The next day Ola and I went up very early to be at the start in time (around 7 in the morning). It was very cold and I had my winter gloves on at the start, but never needed them later and I had my big wind jacket that surely did not make me look professional ;-). In a not so wise move I had asked about starting in the first group if possible and was accepted there with start number 91! This only meant I had company with the semi-professionals starting there up to Corvara. From there on I was passed by cyclists all the way until the last pass where I finally was among people that I could cycle away from. That was a bit discouraging. If it had been on flat land, rather few of these cyclists would have managed to get away from me, but here in the mountains it becomes embarrassingly clear who is good and not (and who is used to speed recklessly down the serpentines and not; and who was fit and who was a bit too heavy (like me)) ;-).

My goal was to get in under 7 hours and that I happily did at 6.30. My friend Ola got a better result than I expected (6.59), but then he is slimmer than me. We first went up the Campolongo pass and it was pretty steep even if not so long/high and then down to Arabba and I noticed that I was not really used to these serpentines yet and had to take care. Up the Pordoi pass was rather fun and then a very cold journey down to the road going up to the Sella pass in the shadows. Then speeding down the Sella pass with ambulances all around and up on the way to Grödnerjoch. Now I was beginning to understand I could just as well slow down a bit and make sure I fully enjoyed the event even though I obviously would not get a good placement. I took of the yellow raincoat and speeded down to Corvara on nice serpentines down the Grödnerjoch pass. Up the Campolongo pass again and then a fast stretch down toward St. Lucia were many took off on a shorter circuit. Then it was time for the toughest climb of the day – up the Giau pass with 900 m elevation and average inclination of 9%. Going slowly up is one thing, but competing up such a stretch is quite another! I was in bad luck (not enough experience I suppose) and got the cramps and nearly had to stop (I saw some others who had to stop and do exercises before they could continue). I guess I probably lost around 10-15 minutes (200 places perhaps) and had to creep really slowly up (slower than I would have done if I were just cycling up there an average day for no special reason). Up the Falzarego pass I was rather tired and a bit unhappy with how it was going. Up the Valparola I got a bit happier again as some strength returned (as it usually does to me eventually) and I was also sensing the end of the race and thus concentrated on completing the race as well as I could and raced away from all around me upon returning to Corvara. I finished at place 838 (278 in my category) out of around 7500 starting. (Case in point: I had overall rating up Campolongo at 618 and up the Giau 1595. If it wasn’t for the terrible performance up the Giau pass it looks like I should have been around place 620. Another time perhaps.)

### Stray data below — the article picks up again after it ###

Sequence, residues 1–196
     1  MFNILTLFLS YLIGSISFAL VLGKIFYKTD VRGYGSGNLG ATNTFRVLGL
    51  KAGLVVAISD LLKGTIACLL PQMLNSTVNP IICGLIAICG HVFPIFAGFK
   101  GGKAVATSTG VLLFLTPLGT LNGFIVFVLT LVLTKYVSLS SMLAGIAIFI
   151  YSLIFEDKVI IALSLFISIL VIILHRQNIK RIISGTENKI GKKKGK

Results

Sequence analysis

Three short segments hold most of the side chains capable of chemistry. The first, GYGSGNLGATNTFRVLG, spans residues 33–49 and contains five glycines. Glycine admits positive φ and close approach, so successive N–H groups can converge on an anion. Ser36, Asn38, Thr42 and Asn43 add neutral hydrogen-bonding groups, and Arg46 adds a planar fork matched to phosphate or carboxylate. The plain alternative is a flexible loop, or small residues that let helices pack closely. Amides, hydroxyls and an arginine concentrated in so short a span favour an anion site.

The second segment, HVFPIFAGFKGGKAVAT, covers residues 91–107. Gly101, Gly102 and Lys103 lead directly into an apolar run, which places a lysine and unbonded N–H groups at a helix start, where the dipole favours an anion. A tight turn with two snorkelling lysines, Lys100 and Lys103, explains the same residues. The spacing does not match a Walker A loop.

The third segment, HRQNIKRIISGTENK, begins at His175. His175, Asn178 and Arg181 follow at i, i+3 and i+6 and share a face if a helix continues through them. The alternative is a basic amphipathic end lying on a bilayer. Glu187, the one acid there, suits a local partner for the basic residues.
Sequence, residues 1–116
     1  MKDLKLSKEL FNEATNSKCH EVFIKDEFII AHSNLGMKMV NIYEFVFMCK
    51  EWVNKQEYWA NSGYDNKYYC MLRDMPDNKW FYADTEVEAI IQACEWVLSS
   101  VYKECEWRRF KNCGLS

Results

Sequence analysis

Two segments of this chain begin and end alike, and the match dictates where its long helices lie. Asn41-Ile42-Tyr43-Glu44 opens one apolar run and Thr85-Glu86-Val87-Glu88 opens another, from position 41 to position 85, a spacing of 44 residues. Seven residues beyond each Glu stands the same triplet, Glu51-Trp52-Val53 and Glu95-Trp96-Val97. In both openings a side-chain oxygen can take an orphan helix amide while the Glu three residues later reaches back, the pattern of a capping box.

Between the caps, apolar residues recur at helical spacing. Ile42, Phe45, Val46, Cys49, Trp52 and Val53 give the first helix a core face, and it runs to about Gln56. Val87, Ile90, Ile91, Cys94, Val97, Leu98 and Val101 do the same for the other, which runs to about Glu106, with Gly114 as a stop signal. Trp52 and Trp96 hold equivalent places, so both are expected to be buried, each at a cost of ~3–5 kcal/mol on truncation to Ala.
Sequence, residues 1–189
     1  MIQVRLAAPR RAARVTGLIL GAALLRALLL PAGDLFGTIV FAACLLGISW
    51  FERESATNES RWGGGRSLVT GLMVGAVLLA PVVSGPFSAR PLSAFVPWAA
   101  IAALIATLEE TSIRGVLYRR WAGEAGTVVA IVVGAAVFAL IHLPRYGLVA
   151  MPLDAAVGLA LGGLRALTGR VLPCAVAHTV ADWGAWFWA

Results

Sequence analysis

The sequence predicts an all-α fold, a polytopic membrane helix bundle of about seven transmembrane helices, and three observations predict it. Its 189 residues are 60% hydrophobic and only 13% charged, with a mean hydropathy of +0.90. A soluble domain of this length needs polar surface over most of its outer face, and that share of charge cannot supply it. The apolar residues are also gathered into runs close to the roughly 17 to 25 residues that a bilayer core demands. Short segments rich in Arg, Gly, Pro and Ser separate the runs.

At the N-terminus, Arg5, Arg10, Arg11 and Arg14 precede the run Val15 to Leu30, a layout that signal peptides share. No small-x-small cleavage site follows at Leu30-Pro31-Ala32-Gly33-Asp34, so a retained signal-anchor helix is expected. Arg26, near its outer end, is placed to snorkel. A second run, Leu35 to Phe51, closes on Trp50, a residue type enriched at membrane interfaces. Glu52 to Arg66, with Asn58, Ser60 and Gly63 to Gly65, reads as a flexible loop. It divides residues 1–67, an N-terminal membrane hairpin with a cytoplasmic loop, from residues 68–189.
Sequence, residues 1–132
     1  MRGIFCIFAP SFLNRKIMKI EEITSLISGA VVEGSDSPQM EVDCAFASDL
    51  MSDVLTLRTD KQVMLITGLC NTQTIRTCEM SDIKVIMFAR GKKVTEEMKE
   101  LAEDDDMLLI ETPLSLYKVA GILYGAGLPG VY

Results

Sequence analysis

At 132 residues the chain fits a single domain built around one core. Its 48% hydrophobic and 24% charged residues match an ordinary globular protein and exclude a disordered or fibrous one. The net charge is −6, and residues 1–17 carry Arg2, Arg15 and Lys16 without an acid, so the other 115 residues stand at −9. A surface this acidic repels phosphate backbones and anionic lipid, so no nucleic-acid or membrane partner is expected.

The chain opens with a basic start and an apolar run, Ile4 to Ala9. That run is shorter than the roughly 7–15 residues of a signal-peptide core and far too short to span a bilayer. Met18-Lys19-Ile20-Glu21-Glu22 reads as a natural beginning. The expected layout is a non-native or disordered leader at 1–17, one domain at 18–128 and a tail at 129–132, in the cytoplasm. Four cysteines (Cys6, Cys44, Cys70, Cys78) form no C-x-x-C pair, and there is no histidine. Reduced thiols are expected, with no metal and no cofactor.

Ola Q at Fam. Irsara

After the race I had real problems walking on my right foot and had to walk around without any shoes for a few hours. That was obviously one reason they changed to a new model at Nike, but there has not been much problems otherwise. It is in extreme conditions like this when the material you have really gets tested though. In comparison to the bloody junk they are selling at Pearl Izumi these days (their ”top” model 2003 3d chamois are ready for the dustbin after two months of use and you can get some really nasty sores in your back with them), then I am very happy with the Nike shoes.

peter gudrun ola

In the evening we again had dinner up at another place in Corvara with my sister and boyfriend. Even though we had competed we were not quite as tired as the day before after the long travel trip. The next day was supposed to be some kind of rest day for Ola and me, but that is perhaps not quite correct to describe it as.